How common is stream entry?

A discussion on all aspects of Theravāda Buddhism
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robertk
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Re: How common is stream entry?

Post by robertk » Thu Jan 11, 2018 6:45 am

Yes. In the case of the dry insight worker it will always be the first jhāna. For others it may be any of the five rūpa jhānas
just to note that although the lokuttara jhana has a force equivalent to the first jhana it is not the mundane first jhana.
It is simply a momentary flash where all eight factors of the path arise together and experience nibbana .

justindesilva
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Re: How common is stream entry?

Post by justindesilva » Thu Jan 11, 2018 8:39 am

robertk wrote:
Thu Jan 11, 2018 6:45 am
Yes. In the case of the dry insight worker it will always be the first jhāna. For others it may be any of the five rūpa jhānas
just to note that although the lokuttara jhana has a force equivalent to the first jhana it is not the mundane first jhana.
It is simply a momentary flash where all eight factors of the path arise together and experience nibbana .
I remember an instance when I was about 12 years I felt that I should get away from my family and all my belonging s. But as I was the only boy with four sisters I was persusded to stay back with my family thus ensuring a duty towards my parents. Later I had to look after my parents as the only boy in th family and was tied.
Yet I feel I have not given up , but I (now old ) am striving to get back in to the stream . In fact this is what a laymen is tied up with but I see a ray of hope by trying to break away from the immediate family and to be a lone meditator. Am I not a stream enterer.

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aflatun
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Re: How common is stream entry?

Post by aflatun » Sun Jan 14, 2018 3:18 am

aflatun wrote:
Thu Jan 11, 2018 2:58 am
Thank you so much for the response, Bhante!
Dhammanando wrote:
Thu Jan 11, 2018 12:27 am

Cognition of the five sense objects is absent, just as it is with any jhānic consciousness. But not the sixth: the jhānic and supramundane consciousnesses are all instances of mind-consciousness and Nibbāna is the dhamma that they take as their object.

...

No, I think even critics of Mahasi Sayadaw's teachings would agree that in this respect they're incontestably in accordance with the abhidhammic and commentarial understanding of arrival at the supramundane. What is both novel and controversial is the way that the attainment of Nibbāna is conceived by certain Mahasi-influenced ajahns in Thailand; some of them imagine it to be simply a blackout experience without even mind-consciousness.
Very interesting. See I thought the "blackout" thing (all six spheres stop) actually came from Venerable Mahasi himself. I'm probably conflating what he says about Nibbana without residue, with what he describes when he discusses progress of insight. I will try and dig up some relevant quotes and get back to you if that's OK.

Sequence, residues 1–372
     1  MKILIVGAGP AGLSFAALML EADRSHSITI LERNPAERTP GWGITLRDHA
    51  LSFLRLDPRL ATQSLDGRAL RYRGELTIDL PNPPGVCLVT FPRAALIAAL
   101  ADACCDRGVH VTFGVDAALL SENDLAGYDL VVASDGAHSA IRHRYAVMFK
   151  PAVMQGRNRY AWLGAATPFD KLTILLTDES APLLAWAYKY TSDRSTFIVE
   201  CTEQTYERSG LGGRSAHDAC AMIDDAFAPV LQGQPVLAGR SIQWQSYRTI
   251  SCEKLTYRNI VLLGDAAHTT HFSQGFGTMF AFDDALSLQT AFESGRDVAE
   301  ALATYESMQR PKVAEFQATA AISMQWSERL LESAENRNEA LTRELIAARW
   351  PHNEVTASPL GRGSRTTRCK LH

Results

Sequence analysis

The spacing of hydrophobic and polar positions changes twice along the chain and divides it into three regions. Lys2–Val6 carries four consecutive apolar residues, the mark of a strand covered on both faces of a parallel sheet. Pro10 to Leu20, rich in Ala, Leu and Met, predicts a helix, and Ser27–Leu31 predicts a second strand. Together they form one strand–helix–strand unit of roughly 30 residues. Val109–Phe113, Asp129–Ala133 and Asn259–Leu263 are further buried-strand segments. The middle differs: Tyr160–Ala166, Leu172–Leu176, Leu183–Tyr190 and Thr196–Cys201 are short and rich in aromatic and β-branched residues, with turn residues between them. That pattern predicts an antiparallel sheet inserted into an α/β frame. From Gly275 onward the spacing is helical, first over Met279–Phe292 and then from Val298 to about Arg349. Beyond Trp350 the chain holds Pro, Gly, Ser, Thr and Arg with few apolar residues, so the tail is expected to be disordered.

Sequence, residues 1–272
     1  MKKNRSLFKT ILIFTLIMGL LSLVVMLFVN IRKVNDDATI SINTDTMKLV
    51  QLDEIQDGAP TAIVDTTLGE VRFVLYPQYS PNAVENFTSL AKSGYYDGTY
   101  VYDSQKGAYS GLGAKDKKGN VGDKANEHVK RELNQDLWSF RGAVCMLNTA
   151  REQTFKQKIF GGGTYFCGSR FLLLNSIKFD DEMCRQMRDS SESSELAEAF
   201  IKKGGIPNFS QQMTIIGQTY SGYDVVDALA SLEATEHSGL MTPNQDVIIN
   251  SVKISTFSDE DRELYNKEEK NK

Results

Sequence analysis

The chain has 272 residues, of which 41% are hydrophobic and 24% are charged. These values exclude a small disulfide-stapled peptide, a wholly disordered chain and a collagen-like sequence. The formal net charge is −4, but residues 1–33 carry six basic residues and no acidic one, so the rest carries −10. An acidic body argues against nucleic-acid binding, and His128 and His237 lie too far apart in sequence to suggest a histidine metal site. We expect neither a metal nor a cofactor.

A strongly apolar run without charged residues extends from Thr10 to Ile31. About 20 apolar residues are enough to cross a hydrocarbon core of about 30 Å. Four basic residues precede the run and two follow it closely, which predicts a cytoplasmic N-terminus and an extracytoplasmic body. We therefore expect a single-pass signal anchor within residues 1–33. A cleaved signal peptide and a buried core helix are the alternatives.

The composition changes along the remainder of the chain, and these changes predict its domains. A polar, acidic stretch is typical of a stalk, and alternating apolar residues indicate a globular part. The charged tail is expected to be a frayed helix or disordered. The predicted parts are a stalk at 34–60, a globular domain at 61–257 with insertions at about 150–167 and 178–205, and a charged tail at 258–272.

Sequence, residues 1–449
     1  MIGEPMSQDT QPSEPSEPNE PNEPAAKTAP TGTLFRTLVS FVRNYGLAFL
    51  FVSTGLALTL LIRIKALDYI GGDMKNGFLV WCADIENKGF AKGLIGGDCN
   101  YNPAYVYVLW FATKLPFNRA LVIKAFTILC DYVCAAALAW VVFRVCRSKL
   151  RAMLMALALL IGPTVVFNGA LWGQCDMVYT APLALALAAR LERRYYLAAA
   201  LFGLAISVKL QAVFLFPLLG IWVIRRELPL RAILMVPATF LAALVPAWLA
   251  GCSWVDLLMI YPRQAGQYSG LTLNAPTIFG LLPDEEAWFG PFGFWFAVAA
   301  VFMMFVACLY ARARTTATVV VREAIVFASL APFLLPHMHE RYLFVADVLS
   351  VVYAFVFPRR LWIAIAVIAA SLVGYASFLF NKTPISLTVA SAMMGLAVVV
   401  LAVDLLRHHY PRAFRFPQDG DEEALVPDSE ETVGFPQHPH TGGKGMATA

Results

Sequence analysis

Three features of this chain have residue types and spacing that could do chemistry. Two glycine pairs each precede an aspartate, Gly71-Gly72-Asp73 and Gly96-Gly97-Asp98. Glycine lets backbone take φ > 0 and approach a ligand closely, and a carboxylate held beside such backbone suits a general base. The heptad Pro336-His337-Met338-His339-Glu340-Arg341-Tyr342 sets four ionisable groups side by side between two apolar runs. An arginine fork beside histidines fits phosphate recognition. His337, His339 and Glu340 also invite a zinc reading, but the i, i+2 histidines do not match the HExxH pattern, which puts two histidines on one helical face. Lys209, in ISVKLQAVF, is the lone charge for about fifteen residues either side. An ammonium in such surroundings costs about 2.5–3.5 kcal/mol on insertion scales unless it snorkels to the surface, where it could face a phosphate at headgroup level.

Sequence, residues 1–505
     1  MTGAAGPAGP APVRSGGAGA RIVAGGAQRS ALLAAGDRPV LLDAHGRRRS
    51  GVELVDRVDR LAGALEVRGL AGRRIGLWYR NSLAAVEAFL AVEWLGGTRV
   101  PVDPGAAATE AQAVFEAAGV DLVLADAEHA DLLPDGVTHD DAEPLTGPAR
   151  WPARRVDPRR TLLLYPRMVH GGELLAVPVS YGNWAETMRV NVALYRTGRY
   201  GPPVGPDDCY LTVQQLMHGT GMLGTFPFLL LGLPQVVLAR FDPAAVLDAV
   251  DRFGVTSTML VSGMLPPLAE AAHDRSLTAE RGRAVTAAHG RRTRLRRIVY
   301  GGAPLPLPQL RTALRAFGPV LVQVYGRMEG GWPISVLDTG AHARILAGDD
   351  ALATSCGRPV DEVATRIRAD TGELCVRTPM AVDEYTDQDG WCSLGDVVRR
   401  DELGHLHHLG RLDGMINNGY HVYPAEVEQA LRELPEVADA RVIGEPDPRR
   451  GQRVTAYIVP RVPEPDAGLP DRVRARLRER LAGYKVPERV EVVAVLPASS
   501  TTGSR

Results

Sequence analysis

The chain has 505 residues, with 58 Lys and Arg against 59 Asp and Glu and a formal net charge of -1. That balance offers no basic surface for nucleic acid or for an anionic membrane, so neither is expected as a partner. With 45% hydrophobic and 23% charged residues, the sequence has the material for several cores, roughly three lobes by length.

Regarding lokuttara jhana, phalasamāpatti, etc, can I find relevant discussion in the Nanamoli's English translation of Visuddhimagga?

EDIT: One other question that came to mind...is lakkhanūpanijjhāna also said to be mind sense only?
Some relevant passages that support your point, Bhante:
Ven. Mahasi wrote:
Nevertheless, during a period of fruition knowledge, lasting an hour or two, reflective moments sometimes arise, but they disappear after four or five noticings, and fruition knowledge recurs. In some cases, fruition knowledge lasts for several hours, without any interruption. While fruition knowledge lasts, consciousness is absolutely set upon the cessation of formations known by the designation of nirvana. Nirvana is a dharma entirely liberated from the bodily and mental process and all mundane notions. Therefore, during the experiencing of fruition knowledge there arises no awareness of one’s bodily and mental processes and of this world, or of any other mundane sphere. One is absolutely free from the entire mundane sphere. One is absolutely free from all mundane knowledge and inclinations. There are around him all objects to see, hear, smell or touch, but he is not aware of them at all.
Practical Insight Meditation, pg. 39-40

Ven. Mahasi wrote:
Thereupon, immediately after the last consciousness in the series of acts of noticing belonging to this insight leading to emergence, the meditator's consciousness leaps forth into Nibbana, which is the cessation of all formations, taking it as its object. Then there appears to him the stilling (subsidence) of all formations called cessation.

...

If the power of concentration has reached perfection, the fruition consciousness will repeatedly become absorbed in cessation by way of fruition attainment. The mind can thus reach absorption even while one is walking up and down, or while taking a meal, and the fruition attainment can remain for any length of time resolved upon. During the fruition attainment, the mind will abide only in the cessation of formations and will not be aware of anything else.
The Progress of Insight



I had that totally wrong! Thank you for pointing this out Bhante.
"People often get too quick to say 'there's no self. There's no self...no self...no self.' There is self, there is focal point, its not yours. That's what not self is."

Ninoslav Ñāṇamoli
Senses and the Thought-1, 42:53

"Those who create constructs about the Buddha,
Who is beyond construction and without exhaustion,
Are thereby damaged by their constructs;
They fail to see the Thus-Gone.

That which is the nature of the Thus-Gone
Is also the nature of this world.
There is no nature of the Thus-Gone.
There is no nature of the world."

Nagarjuna
MMK XXII.15-16

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